This is the second part of a four-part interview with Costas Lapavitsas, author of Financialised Capitalism: Expansion and Crisis (Maia Ediciones, 2009) and Profiting Without Producing: How Finance Exploits Us All (Verso, 2014). This part turns toward international aspects, including the contrasts between financialization in high-income and developing countries and the relationships between financialization and both neoliberalism and globalization. (See the first part here.)
Costas Lapavitsas, Guest Blogger
Dollars & Sense: You’ve anticipated our question about whether financialization is exclusive to high-income capitalist countries or is also happening in developing countries. How is it different in developing countries?
CL: Financialization in developing countries is a recent phenomenon, which has begun to emerge in the last 15 years in full earnest. We see a number of middle-income countries that are financializing, and we have to look at it carefully to understand it. One thing that is immediately obvious is that, in mature countries, financialization has been accompanied by weak or indifferent performance of the real economy. Rates of growth have been weak, crises have been frequent, unemployment has been above historical trends. We see a problematic state of real accumulation in mature countries. But when we look at developing countries, it is possible to see countries with phenomenal financialization, where growth has been reasonably strong. Brazil has been financializing during the last ten years, and yet its growth rate has been significant. Turkey has been financializing and yet its growth rate has been significant, and so on. So financialization in developing countries is not the same as in mature countries, because typically in the last ten years, it’s been accompanied by significant rates of growth.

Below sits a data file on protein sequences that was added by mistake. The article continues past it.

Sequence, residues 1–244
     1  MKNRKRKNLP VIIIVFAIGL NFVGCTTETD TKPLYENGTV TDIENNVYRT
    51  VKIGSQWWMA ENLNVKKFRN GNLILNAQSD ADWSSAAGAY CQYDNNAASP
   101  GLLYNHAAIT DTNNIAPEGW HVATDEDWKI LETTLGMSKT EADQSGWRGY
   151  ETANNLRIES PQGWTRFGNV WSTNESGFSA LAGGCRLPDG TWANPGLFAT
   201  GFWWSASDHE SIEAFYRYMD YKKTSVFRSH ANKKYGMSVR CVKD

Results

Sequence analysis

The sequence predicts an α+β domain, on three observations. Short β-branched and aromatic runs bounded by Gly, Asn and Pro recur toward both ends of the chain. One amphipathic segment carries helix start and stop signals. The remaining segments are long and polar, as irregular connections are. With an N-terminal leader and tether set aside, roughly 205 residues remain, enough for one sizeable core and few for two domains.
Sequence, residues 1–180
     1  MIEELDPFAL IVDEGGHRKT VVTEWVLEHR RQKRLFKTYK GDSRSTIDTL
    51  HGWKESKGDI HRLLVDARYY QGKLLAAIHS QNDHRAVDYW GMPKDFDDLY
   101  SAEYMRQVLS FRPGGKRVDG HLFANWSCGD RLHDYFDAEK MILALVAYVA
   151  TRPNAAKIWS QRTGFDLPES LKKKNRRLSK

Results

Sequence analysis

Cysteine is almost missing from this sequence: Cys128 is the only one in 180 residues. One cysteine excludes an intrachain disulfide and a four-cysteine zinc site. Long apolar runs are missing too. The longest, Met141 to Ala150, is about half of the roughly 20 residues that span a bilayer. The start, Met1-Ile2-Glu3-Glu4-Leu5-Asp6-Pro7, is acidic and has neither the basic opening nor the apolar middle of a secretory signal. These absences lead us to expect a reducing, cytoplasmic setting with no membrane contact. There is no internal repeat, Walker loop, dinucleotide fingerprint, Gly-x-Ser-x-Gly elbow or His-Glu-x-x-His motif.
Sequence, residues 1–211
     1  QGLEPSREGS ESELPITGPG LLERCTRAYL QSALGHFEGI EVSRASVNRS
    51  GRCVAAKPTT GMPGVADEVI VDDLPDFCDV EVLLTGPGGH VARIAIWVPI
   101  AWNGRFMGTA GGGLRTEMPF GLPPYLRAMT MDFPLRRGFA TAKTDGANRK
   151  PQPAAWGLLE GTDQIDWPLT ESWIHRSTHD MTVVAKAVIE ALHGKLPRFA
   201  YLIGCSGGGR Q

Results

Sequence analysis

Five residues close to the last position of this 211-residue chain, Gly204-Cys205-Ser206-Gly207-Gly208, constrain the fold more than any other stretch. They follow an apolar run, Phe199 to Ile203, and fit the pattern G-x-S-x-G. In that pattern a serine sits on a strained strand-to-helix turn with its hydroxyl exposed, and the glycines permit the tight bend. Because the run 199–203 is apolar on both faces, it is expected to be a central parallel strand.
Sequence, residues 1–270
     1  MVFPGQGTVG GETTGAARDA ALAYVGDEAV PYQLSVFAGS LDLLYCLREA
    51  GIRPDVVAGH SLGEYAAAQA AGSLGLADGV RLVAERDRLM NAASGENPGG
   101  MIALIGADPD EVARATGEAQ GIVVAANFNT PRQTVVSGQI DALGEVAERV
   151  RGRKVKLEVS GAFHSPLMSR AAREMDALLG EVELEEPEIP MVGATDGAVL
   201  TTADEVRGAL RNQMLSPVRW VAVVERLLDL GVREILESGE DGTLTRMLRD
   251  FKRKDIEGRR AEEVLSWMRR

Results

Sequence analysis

This is the first part of a four-part interview with Costas Lapavitsas focusing on the Era of Financialization and the transformations at the “molecular” level of capitalism that are driving changes in economic performance and policy in both high-income and developing countries. Lapavitsas is a professor of economics at SOAS, University of London, and the author of Financialised Capitalism: Expansion and Crisis (Maia Ediciones, 2009) and Profiting Without Producing: How Finance Exploits Us All (Verso, 2014).
Costas Lapavitsas, Guest Blogger
Dollars & Sense: Over the past few years we’ve heard more and more about the phenomenon of “financialization” in capitalist economies. This concept appears prominently in your writings. How would you define “financialization”?
Costas Lapavitsas: Well, it’s very easy to see the extraordinary growth of the financial sector, the growth of finance generally, and its penetration into so many areas of economic, social, and even political life. But that, to me, is not sufficient. That is not really an adequate definition. In my view—and this is basically what I argue in my recent book and other work that I’ve done previously—financialization has to be understood more deeply, as a systemic transformation of capitalism, as a historical period, basically. I understand it as a term that captures the transformation of capitalism in the last four decades. To me, this seems like a better term to capture what has actually happened to capitalism during the last four decades than, say, “globalization.”
Anton Woronczuk of the Real News Network interviews Triple Crisis blogger Gerald Epstein about the borrowing advantages enjoyed by “Too Big to Fail” banks, due to creditors’ confidence that the banks will be bailed out if they are in danger of failing. Little has changed, Epstein, warns–in terms of the big banks’ advantages or their risk taking–due to the financial crisis or subsequent regulation.